This paper is intended to encourage discussion of tax points and should not be construed or relied upon as tax advice. Tax planning is highly fact-dependent and should be undertaken with the assistance of a qualified tax advisor.
The views expressed are those of the authors at the time of writing. Individual teams may hold different views. The value of your investment may become worth more or less than at the time of original investment. Please refer to the risks section near the end of the PDF available below.
- Across portfolios, we believe the most challenging investment tax issues can often be found in an investor’s fixed income allocation.
- Over time, the right portfolio implementation choices may materially enhance after-tax returns on fixed income investments.
- Tax-exempt municipal bonds and other tax-advantaged bonds remain a cornerstone of many taxable investors’ fixed income allocation.
- However, for taxable investors who wish to allocate beyond municipals, most asset managers have yet to solve the fixed income tax challenge.
- We believe fixed income investors can reduce tax burdens by focusing on sector and security selection and capital gain/loss management, among other strategies.
A DECADE OF STRONG MARKET RETURNS combined with recent tax reform has heightened interest in the impact of taxes on investment returns. Taxes are no different from management fees — albeit one essentially levied by governments on investment gains and income. It has been our experience that portfolio implementation choices can materially change the total amount of taxable investment gains and income, as well as the rate at which taxes are paid, in a given year and over the lifetime of an investment. This, in turn, may meaningfully increase or decrease the net returns taxable clients earn on an after-tax basis through time.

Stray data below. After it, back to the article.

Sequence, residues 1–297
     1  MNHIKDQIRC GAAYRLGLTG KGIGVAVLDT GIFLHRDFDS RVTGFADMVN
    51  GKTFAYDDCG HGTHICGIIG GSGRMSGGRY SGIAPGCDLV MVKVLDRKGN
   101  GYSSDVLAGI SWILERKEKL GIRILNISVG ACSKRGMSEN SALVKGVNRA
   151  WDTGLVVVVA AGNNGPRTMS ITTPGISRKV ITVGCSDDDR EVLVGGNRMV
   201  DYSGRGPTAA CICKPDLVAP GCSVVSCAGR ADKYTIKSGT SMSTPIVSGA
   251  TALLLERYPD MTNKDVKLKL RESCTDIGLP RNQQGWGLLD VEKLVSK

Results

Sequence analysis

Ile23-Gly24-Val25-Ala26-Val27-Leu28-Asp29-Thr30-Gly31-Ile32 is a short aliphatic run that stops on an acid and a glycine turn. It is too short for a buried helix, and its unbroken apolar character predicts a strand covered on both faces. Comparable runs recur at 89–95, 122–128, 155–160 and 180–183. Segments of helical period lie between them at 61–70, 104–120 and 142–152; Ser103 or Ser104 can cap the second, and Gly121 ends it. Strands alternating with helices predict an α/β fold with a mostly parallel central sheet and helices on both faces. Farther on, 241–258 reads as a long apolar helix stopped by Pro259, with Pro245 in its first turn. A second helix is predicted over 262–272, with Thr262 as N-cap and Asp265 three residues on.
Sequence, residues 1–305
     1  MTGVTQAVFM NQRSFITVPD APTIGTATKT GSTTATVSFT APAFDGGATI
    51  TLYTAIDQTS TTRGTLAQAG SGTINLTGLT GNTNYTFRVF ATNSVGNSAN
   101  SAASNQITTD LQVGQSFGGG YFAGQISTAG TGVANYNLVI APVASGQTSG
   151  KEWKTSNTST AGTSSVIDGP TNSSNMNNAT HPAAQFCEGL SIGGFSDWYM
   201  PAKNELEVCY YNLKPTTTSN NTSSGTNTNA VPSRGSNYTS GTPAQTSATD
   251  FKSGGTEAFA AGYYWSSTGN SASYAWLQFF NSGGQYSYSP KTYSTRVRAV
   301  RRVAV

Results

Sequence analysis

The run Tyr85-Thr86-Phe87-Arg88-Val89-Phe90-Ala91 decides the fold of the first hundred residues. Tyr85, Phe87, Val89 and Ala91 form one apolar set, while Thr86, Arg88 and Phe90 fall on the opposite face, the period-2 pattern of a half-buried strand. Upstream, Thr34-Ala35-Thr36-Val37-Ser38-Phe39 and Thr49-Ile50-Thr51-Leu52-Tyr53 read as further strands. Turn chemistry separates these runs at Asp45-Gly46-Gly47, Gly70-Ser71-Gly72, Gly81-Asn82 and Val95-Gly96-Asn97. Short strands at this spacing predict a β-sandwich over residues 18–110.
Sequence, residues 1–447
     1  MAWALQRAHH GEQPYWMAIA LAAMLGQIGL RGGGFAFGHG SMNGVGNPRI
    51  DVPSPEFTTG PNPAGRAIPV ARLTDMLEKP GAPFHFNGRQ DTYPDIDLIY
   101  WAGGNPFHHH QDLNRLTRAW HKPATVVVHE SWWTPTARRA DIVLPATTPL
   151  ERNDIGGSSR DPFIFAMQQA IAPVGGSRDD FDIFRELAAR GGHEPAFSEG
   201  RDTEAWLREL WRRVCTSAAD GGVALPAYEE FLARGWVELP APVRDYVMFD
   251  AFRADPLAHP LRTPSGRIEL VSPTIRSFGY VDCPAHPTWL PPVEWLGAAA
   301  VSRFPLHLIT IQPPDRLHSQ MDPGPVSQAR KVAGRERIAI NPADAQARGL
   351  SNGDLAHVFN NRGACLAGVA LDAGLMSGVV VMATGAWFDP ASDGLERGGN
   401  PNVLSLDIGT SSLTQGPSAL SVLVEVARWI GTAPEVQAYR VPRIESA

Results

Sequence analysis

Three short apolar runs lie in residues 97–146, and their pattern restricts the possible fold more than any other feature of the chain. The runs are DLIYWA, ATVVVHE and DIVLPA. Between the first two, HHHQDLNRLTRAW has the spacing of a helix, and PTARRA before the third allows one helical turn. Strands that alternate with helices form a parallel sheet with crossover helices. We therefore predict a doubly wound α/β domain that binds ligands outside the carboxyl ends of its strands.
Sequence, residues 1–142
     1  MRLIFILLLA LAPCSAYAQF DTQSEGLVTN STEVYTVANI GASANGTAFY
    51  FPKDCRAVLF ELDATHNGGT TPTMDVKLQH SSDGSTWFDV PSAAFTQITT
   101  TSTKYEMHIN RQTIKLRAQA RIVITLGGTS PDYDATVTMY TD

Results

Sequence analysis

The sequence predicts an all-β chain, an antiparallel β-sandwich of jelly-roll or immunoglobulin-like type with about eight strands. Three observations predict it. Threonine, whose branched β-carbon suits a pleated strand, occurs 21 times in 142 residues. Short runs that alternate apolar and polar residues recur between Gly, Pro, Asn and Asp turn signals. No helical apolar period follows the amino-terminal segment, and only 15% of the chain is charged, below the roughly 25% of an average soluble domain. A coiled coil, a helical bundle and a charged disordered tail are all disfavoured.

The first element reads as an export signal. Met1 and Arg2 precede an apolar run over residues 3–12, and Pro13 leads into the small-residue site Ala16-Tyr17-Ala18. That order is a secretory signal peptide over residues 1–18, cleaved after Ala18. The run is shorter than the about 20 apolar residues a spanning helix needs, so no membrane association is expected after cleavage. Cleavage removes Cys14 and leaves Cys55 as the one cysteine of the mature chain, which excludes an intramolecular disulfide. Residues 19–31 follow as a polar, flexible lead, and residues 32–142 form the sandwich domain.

Across portfolios, we believe the most challenging investment tax issues can often be found in an investor’s fixed income allocation. Unlike in equity markets, fixed income “buy-and-hold” strategies are generally inefficient from a tax perspective. Indeed, simply holding a bond to maturity typically generates interest or other yield income that may be subject to a 40.8% maximum tax rate on the federal level (and potentially additional state and local taxes). In addition, many actively managed fixed income strategies generate significant short-term gains that are also taxed at the top federal marginal tax rate.
Taking all of this into account, it is not difficult to see how swiftly and deeply taxes can cut into investment returns, especially over a period of years…